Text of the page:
# [Maths] Gravitate towards target point?

#### LurkerAspect

##### Now officially a Super Lurker
Hi there I wasn't sure where to post this, so it's ended up here.

Complete overhaul: New problem: my object now gets stuck in orbit around it's target, even if the target is stationary. Does anyone know how I can fix that?

#### s3rius

##### Linux is only free if your time is worthless.
I'm not a math whizz, but you need to be a little more specific about what you're doing and how you're doing it.

##### Super Moderator
Staff member
I'm not a math whizz, but you need to be a little more specific about what you're doing and how you're doing it.
s3rius is right, we need more information. Also if you could post your current code (or even the maths in pseudo code) it would be very useful.

#### LurkerAspect

##### Now officially a Super Lurker
Yeah sorry I realised that now >.<

Here's what I'm doing:
Code:
``````target(object)  = target of projectile
projectile(object) = the projectile
velocityX(real) = X velocity of projectile
velocityY(real) = Y velocity of projectile
speed(real) = projectile's current speed = SquareRoot(velocityX^2+velocityY^2)
angle = angle towards target from projectile
acceleration(real) = the amount the projectile accelerates per second
maxSpeed(real) = the Maximum speed/terminal velocity the projectile is allowed to acheive = 900
interval(real) = periodic tick duration = 0.02

every interval {
if speed < maxSpeed {
set velocityX = velocityX+acceleration*(interval^2)*Cos(angle)
set velocityY = velocityY+acceleration*(interval^2)*Sin(angle)
}
}``````
I guess you would call this pseudo code.

Anyway, basically the problem now is that if the projectile misses it's target on the first run, it gets stuck in an infinite orbit trying to hit the target. The target, in this case, is stationary. The projectile is also launched with an initial velocityX and velocityY, which is why this problem occurs.

#### LocalDude

##### New Member
Have you tried to decrease the speed if the projectiles angle is too much of course

#### GFreak45

##### I didnt slap you, i high 5'd your face.
Should the gravitational pull be within a certain range of the object? Also seeing as a gravitational pull should increase in the direction of the object, you cant calculate the velocity in an x/y method, you calculate the velocity and angle, then calculate the x/y, if you calculate the x/y first the object will continue in the wrong direction if it moves slightly (Assuming objects can fight the gravitational pull), also shouldnt the pull be based on the distance from the object rather than an accelaration?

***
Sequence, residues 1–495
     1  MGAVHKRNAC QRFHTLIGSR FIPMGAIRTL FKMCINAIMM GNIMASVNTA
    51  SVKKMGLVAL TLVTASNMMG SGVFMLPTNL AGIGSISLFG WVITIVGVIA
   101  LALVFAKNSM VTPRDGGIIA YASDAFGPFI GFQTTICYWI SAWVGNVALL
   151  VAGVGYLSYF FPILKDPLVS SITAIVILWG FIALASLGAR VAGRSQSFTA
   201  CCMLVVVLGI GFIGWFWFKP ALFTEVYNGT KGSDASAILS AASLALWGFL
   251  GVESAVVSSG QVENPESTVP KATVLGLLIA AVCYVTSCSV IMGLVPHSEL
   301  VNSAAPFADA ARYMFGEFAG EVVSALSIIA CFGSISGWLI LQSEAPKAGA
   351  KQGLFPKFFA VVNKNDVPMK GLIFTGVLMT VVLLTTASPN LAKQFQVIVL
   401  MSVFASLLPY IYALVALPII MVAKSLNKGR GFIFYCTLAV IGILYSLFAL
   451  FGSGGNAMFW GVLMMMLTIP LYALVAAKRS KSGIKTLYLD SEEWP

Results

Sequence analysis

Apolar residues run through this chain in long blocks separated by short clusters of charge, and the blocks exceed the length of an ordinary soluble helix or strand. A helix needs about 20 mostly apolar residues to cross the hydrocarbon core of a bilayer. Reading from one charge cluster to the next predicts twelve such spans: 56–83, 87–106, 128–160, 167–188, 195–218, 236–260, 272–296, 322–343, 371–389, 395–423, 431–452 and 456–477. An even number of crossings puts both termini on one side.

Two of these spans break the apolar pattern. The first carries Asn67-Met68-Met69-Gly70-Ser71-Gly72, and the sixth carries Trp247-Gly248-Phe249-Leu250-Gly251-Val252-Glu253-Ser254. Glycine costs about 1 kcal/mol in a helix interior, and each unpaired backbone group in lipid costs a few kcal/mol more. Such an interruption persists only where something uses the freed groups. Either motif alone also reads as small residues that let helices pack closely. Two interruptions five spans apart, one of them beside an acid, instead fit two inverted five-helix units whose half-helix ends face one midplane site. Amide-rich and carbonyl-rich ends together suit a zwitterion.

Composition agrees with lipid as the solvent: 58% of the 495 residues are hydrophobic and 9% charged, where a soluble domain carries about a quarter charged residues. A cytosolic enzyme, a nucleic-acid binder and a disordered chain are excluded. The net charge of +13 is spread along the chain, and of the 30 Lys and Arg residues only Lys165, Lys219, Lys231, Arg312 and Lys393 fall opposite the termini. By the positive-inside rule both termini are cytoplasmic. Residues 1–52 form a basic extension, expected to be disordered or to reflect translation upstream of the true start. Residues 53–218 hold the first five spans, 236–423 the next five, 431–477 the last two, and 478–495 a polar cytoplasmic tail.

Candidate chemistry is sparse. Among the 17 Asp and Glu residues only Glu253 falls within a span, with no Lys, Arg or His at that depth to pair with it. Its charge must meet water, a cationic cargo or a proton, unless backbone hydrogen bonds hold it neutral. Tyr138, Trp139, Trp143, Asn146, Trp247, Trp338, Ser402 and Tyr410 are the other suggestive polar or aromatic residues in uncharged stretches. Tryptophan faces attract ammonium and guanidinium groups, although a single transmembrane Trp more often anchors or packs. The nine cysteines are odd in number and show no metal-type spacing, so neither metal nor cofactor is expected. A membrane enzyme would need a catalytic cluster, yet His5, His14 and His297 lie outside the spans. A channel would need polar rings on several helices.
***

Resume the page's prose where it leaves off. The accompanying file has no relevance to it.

#### UnknowVector

##### I come from the net ... My format, Vector.
I'm assuming the "angle towards target from projectile" is measured counterclockwise from the positive x-axis, with the origin at the position of the projectile (i.e. atan2(target-projectile)). (For future reference: two points never defines an angle. Always make your third reference point explicit, in this case it's any old point along the x-axis and directly to the right of the projectile.) (Had to edit this paragraph because I said it wrong too XD)

Maybe you could try describing what you _want_, instead of what you're doing.

To the best of my understanding: you want a completely undodgable single-minded guided-rocket that is guarenteed to eventually hit whatever you shoot it at. You want this rocket to turn gradually in order to head towards it's target as close to straight on as it can get.

Code:
``````every interval {
if speed < maxSpeed {
set velocityX = velocityX+acceleration*(interval^2)*Cos(angle)
set velocityY = velocityY+acceleration*(interval^2)*Sin(angle)
}
}``````
This code is _very_ close. You are accelerating the projectile along the vector towards the target. You are also capping the projectiles speed. However, you should be multiplying the acceleration by the interval, not the square of the interval.

The fact that your homing missile can circle it's target is a natural consequence of this method.

Here's a good thread on this. Check the first post by MerlinJim.

Perhaps the best solution for you is too combine the absolute vectoring he talks about with your method, which he also mentions. After you calculate a new velocity for the missile and calcuate it's movement based on that velocity for the next timestep, apply a small absolute displacement in the direction of the target. Even if the missile circles the circles will get tighter and tighter over time. Possibly make the size of this displacement scale up depending on how close you are to the target or how long the missile has been in flight.

The result might look sorta strange, you'll have to test that out.

#### GFreak45

##### I didnt slap you, i high 5'd your face.
I have a good idea for how to combine the absolute velocity and movement based velocity, 1 total velocity and based on the distance from the object the absolute or the movement will have more effect, ie: far away movement has a much larger effect (0-100), getting closer it switches to more absolute (50-50) and really close it would be pure absolute (100-0), you could have this based on the original position of the object when the order was issued plus a certain amount to insure the absolute will have more effect if the original position is close

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